"You are instructed that in a criminal case, probabilities are not sufficient to warrant a conviction nor is it sufficient that the mere weight or preponderance of the evidence is in favor of the guilt of the Defendant nor is it sufficient that it is possible or probable that the Defendant is guilty of the crime charged, nor is it sufficient that upon the doctrine of chance it is more probable that the Defendant is guilty. To warrant a conviction the State must prove the case so clearly and so conclusively that each and every juror must be satisfied of the guilt of the Defendant beyond a reasonable doubt; otherwise, under the law, there can be no conviction of the Defendant in this case."

Defendant's tendered instruction number 18 reads:

"You are instructed that no amount of suspicion, no matter of the nature, will itself constitute evidence and consequently suspicion, no matter in what abundance, will not justify a verdict of guilty."

Appellant argues that because the evidence was circumstantial in nature it was error for the trial court to refuse to instruct the jury on "probabilities" or "possibilities" as the basis for their verdict. The State contends, and we so hold, that the instructions go beyond the correct statements of the law and interfere with the jury's power to draw reasonable inferences from the evidence. Roberts v. State, (1978) 268 Ind. 348, 375 N.E.2d 215. The instructions also are contrary to the proposition that a guilty verdict may be based on circumstantial evidence alone. George v. State, (1979) Ind. App., 397 N.E.2d 1027.

Furthermore, in reviewing the instructions read to the jury, we believe that the instructions on reasonable doubt and circumstantial evidence adequately informed the jury of the burden of proof necessary to convict the appellant. It is not necessary to refuse to give an instruction, the substance of which is sufficiently covered by another instruction, nor one that would tend to confuse the jury. Smith v. State, (1979) Ind., 395 N.E.2d 789. Therefore, we find no error in the refusal to give appellant's tendered instructions 15 and 18.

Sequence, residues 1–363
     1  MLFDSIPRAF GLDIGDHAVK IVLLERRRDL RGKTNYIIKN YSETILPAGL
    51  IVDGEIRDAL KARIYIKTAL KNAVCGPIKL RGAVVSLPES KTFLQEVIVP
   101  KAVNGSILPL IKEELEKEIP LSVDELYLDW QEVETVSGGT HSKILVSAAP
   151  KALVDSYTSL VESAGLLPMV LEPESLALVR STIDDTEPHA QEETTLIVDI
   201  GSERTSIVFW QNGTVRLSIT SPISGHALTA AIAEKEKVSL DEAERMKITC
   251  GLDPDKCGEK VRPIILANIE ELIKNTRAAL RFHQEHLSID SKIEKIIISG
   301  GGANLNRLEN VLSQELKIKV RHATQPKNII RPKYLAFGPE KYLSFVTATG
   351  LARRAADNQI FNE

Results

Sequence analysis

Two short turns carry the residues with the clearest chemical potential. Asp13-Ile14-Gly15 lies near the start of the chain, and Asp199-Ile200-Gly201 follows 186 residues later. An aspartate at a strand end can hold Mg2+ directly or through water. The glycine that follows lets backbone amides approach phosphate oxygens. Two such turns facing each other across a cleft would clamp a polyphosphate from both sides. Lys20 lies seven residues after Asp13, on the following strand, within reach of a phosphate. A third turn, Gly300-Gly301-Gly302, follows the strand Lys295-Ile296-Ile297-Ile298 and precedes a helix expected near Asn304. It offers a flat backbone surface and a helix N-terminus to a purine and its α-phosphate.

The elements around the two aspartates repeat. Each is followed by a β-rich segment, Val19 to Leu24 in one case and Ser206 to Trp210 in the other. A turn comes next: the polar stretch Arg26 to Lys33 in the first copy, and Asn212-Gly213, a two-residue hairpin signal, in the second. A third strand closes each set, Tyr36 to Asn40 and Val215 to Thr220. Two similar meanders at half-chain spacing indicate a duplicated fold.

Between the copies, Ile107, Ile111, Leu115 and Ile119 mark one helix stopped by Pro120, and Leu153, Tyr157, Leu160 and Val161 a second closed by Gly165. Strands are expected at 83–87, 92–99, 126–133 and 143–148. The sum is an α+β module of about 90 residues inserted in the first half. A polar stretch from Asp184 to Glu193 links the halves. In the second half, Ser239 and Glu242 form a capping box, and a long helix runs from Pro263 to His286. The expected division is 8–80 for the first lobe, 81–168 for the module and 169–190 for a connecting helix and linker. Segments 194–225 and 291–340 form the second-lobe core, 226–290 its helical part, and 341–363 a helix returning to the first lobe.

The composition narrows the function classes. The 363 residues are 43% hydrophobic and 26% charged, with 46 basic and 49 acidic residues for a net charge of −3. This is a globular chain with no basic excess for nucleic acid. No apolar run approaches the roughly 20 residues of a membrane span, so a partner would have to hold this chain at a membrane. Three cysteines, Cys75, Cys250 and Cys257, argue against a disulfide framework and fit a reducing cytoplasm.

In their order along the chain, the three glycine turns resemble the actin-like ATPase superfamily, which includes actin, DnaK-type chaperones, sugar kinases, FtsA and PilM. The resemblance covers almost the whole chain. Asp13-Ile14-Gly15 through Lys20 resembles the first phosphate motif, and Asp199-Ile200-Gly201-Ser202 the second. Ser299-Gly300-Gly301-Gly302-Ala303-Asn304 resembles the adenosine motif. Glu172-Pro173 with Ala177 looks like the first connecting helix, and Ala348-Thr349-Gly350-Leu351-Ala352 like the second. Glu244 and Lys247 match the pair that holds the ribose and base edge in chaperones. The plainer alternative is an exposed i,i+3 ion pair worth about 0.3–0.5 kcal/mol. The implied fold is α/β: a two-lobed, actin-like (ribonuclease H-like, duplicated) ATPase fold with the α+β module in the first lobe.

The appellant next claims there is insufficient evidence to support his conviction. Under our standard of review, we do not weigh the evidence nor judge the credibility of witnesses, but look only to the evidence most favorable to the State. If there is sufficient evidence to support each element of the offense, we will not disturb the verdict. Pulliam v. State, (1976) 264 Ind. 381, 345 N.E.2d 229. Although the evidence recited above is primarily circumstantial, it amply supports the jury's verdict of voluntary manslaughter.

The appellant requests that his sentence be reviewed for reasonableness pursuant to Rule 2, Rules for the Appellate Review of Sentences. Rule 2 reads as follows:

"(1) The reviewing court will not revise a sentence authorized by statute except where such sentence is manifestly unreasonable in light of the nature of the offense and the character of the offender. "(2) A sentence is not manifestly unreasonable unless no reasonable person could find such sentence appropriate to the particular offense and offender for which such sentence was imposed."

*1197 The appellant claims that the trial court's augmentation of his base sentence of ten years for the Class B Felony by ten years for aggravating circumstances pursuant to I.C. ยง 35-50-2-5 is unreasonable. The trial court found the following considerations to be aggravating:

"1. The offense for which the defendant was convicted was a most serious Class B Felony. "2. The offense for which the defendant was convicted was particularly and exceptionally brutal in its nature. "3. The victim of the crime was a young girl of tender years and under the age of consent."

Given the evidence adduced at trial and the above listed aggravating circumstances, we hold that the sentence of the trial judge was entirely reasonable for the conviction of voluntary manslaughter.

The trial court is in all things affirmed.

All Justices concur.